Appointment of new Romanian PM Dacian Ciolos makes international headlines

Newsroom 12/11/2015 | 12:57

The appointment of former Commissioner for Agriculture Dacian Ciolos as Romania’s new premier has garnered international attention, with a number of news sources reporting on the change in government that came after prime minister Victor Ponta resigned as a result of public protests following the Colectiv fire.

“Dacian Ciolos, is considered to be a capable manager whose appointment could help calm the political unrest that has roiled the country”, stated the New York Times earlier this week. “It is unlikely that Mr. Ciolos’s nomination will hit any roadblocks in Parliament. The resignation of Mr. Ponta — who is under a criminal investigation for financial misconduct — has tarnished Romania’s political elite, which is trying to appear united and clean up its image”, concluded the NY Times regarding the political reaction to the president’s nomination.

Ciolos’s nomination comes as “a move designed to ensure stability until elections next year and contain protests that toppled Prime Minister Victor Ponta last week,” said the Chicago Tribune. Ciolos must now form a Cabinet in 10 days and also provide the outline of a governing program that will ensure him the backing of a majority in parliament in the upcoming confidence vote, also according to the Tribune. “The opposition Liberal Party and a former junior member of Ponta’s ruling coalition said they’ll support Iohannis’ choice” but smaller parties are waiting for the governing program before making a final decision, concluded the Tribune regarding the reaction amongst political parties to the President’s choice.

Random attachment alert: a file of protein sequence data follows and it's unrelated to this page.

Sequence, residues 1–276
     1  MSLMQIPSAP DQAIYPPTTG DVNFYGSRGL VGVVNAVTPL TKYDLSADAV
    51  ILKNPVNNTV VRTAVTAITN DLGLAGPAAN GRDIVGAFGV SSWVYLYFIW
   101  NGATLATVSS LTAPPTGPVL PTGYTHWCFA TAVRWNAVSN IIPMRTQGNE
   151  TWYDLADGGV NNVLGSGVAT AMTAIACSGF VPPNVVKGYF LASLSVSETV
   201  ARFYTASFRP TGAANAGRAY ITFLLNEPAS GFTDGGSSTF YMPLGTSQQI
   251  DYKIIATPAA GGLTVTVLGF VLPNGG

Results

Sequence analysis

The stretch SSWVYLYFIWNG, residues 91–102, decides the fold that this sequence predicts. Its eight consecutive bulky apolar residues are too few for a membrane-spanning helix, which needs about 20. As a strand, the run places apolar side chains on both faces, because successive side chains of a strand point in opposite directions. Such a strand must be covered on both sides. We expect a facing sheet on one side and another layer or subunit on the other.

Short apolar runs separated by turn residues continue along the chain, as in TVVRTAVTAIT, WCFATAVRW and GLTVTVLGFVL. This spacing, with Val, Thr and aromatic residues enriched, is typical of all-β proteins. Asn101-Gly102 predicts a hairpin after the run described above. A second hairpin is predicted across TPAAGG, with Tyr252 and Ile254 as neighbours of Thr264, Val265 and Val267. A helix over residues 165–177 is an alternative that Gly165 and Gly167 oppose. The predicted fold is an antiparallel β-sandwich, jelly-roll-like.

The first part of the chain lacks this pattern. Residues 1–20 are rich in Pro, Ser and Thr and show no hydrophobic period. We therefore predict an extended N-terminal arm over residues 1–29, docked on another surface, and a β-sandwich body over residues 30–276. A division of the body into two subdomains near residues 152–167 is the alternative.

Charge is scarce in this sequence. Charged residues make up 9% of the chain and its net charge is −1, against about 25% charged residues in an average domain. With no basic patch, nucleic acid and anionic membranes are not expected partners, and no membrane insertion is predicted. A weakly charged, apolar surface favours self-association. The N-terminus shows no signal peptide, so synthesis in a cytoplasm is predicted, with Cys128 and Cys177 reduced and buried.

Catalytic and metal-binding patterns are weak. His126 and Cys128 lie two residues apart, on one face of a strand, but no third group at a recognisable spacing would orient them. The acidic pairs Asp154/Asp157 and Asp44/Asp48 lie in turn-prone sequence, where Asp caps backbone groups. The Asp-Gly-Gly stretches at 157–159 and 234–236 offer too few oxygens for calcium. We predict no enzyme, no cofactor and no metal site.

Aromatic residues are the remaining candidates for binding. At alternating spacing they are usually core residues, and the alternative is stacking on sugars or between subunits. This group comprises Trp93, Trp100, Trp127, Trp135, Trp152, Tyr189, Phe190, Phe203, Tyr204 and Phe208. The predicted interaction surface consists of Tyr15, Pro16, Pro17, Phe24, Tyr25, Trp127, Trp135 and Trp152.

“Ciolos, 46, who was picked by European Commission President Jean-Claude Juncker in July as his special adviser on food security, will easily garner parliament support in a confidence vote likely at the end of this month”, reported Reuters earlier this week in a similar tone to NY Times. “Ponta unexpectedly quit on Nov. 4 after tens of thousands, mostly young people, took to the streets to protest high-level sleaze following the fire in a Bucharest night club”, said Reuters.

“Under the constitution, Ciolos, who was EU agriculture commissioner from 2010 to 2014, has 10 days to draft a program, come up with a team of ministers and ask parliament for a vote of confidence”, stated Al Jazeera of what is to be expected to happen in the following weeks. “If approved by parliament, he will then put together a government and remain in office until elections due in the autumn of 2016,” further reported Al Jazeera, also pointing out that “analysts expect that a cabinet of technocrats, with a term ending in late 2016, will easily garner enough parliamentary support”.

Al Jazeera and Reuters also commented on the choices Ciolos might make for his cabinet and on how his government might act. “He [Ciolos] will likely try to select independent candidates to head individual portfolios,” said Otilia Dhand, an analyst at Teneo Intelligence, a New York-based political risk consultancy, according to both Reuters and Al Jazeera. “His government will not make any significant changes in current policies. It will be a cabinet of ‘status quo’ maintenance”, further added both news sources.

Andreea Tint

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